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Front Page » FYI Miami » Fyi Miami

Fyi Miami

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Written by on July 15, 2010

FYI

Miami is a weekly feature of Miami Today, keeping readers ahead

of the news. Here are highlights from the most current edition.

Complete

coverage, including The Insider and all information columns,

is available in the e-edition. Sign up now.

   HOLDING STEADY: Despite an 11.2% decrease in property values, Miami’s Downtown Development Authority is capping its property-tax rate at 0.5 mils, the same rate the authority has always levied. Miami commissioners OK’d the rate last week for publication in upcoming Truth in Millage (TRIM) Notices. The rate can be lowered but not raised come budget time.

   BUDGET FORESIGHT: Unlike many city agencies, forced to cut services due to declining revenues, the Downtown Development Authority won’t be making any dramatic cutbacks, Executive Director Alyce Robertson told Miami commissioners at their meeting last week. The authority has been cutting administrative costs, she said, and budgeted for worst-case scenario drops in property values. "We’ve been preparing for this moment," she said. "We saw it coming."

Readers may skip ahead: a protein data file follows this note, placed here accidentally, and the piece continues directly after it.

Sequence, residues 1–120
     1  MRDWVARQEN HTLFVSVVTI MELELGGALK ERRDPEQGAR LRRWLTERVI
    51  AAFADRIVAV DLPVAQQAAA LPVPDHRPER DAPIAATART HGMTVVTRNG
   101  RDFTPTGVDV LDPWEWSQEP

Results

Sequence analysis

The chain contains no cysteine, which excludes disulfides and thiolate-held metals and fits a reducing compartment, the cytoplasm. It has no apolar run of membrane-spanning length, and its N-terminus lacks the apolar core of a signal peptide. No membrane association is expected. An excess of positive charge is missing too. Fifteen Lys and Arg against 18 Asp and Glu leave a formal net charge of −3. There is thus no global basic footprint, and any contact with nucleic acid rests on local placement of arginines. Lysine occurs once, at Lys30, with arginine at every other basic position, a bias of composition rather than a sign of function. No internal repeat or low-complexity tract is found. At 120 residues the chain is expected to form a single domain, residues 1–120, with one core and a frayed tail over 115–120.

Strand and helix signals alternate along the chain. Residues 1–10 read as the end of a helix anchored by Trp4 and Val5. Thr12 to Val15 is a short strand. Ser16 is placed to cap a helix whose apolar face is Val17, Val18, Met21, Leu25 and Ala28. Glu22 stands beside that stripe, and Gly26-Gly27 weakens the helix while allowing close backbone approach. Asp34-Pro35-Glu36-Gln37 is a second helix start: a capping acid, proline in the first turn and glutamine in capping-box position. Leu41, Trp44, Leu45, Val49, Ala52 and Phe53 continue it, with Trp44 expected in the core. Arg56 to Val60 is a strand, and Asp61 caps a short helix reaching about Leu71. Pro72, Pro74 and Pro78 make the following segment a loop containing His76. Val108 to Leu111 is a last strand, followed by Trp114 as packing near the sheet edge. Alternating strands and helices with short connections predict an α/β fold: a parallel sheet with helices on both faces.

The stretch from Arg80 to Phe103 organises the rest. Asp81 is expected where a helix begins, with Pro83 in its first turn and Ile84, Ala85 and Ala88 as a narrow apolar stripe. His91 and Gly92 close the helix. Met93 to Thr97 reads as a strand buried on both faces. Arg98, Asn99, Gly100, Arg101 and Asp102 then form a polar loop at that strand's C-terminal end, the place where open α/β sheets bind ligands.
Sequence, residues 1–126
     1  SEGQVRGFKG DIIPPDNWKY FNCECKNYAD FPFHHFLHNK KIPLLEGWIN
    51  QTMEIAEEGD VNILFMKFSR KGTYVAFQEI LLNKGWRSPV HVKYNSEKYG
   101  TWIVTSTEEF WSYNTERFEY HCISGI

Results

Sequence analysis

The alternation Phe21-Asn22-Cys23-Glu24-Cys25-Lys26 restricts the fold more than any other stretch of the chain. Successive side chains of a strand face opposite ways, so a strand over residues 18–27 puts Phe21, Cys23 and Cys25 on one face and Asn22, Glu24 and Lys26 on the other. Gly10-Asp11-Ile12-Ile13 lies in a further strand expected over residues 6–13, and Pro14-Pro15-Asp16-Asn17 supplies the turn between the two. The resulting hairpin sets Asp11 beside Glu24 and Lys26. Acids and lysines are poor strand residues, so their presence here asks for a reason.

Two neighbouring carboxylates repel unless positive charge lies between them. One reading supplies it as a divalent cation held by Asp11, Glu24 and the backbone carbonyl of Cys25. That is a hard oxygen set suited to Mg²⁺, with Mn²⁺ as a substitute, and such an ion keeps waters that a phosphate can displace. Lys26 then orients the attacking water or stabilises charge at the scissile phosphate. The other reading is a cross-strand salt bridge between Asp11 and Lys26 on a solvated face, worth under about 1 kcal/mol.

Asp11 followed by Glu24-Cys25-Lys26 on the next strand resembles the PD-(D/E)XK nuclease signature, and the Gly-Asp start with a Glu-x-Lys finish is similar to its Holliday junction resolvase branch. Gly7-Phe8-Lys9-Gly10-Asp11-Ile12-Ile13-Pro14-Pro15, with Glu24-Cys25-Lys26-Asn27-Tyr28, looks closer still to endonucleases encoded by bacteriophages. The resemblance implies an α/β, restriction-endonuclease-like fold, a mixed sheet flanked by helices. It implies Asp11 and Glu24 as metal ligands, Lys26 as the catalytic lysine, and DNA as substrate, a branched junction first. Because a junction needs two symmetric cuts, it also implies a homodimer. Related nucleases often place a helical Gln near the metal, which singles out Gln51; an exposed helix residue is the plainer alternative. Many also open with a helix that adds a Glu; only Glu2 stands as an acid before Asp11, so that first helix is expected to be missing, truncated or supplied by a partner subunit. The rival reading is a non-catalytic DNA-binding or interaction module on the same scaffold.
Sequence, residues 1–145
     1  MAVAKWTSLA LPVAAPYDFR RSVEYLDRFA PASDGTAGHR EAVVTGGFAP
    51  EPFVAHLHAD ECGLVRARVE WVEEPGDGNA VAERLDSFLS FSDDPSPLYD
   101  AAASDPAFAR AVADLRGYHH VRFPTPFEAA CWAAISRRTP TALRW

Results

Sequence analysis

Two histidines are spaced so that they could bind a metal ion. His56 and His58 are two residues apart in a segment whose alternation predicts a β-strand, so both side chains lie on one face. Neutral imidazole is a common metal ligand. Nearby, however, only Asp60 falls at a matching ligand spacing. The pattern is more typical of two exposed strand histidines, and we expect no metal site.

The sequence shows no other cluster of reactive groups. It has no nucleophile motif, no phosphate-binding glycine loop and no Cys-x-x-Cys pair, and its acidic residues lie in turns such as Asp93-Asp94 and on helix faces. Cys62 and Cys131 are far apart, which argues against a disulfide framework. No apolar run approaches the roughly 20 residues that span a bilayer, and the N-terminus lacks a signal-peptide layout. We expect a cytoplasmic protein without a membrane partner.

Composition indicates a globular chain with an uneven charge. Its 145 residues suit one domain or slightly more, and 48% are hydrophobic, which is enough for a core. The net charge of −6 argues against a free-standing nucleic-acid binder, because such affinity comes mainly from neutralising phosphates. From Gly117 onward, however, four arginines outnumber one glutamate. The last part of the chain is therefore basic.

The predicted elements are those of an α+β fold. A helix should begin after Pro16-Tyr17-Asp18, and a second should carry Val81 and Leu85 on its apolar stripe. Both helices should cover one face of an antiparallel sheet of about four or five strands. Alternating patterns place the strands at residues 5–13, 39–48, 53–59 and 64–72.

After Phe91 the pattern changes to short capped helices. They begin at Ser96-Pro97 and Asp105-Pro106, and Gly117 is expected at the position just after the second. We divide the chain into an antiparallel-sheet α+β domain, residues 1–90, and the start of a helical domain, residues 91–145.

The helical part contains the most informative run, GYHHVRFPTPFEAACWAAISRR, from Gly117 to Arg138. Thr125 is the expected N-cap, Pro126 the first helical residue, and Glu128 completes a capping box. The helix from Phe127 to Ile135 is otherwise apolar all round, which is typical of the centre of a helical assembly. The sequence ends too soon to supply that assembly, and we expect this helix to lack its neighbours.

MULLING THE MILLAGE: A decision on the City of Miami’s maximum tax rate has been deferred to next week’s (7/22) commission meeting. When discussed at past meetings, commissioners have expressed reluctance to raise property taxes, although some have spoken in favor of raising garbage fees.

   CAMERAS CLICK: Red-light cameras will be installed at high-crash, high-volume intersections in Miami-Dade after a 6-1 vote by county commissioners last week. The negative vote was cast by Rebeca Sosa, who cited concerns that drivers turning right on red might be brought into court facing a $158 fine unless they could prove that their turns were "careful and prudent."

   MILLION-DOLLAR CHARGE: The Department of Defense has given City Labs Inc., a green energy company, a $1 million grant for ITS NanoTritium battery project, says Hilda Hall, manager of the Carrie P. Meek Center for Business in Homestead. The battery is meant to supply continuous low power for over 25 years. In 2005, while in discussion with the military, City Labs’ CEO Dr. Peter Cabauy says "he realized the performance and reliability issues associated with conventional battery solutions utilized in defense platforms." Current battery technology can supply power only a few years. The company operates out of the center, known as the Homestead Business Incubator, and is "starting to populate their lab and make some progress on the project," said Docten Serralta, City Labs marketing director. At year’s end, Dr. Cabauy said, City Labs will present the prototype to Lockheed Martin, a global security technology firm based in Maryland. He said he hopes the battery will be used "in circuits, defense systems and eventually in pacemakers."

   

   Complete coverage, including The Insider and all information columns, is available in the e-edition. Sign up at www.miamitodaynews.com

   

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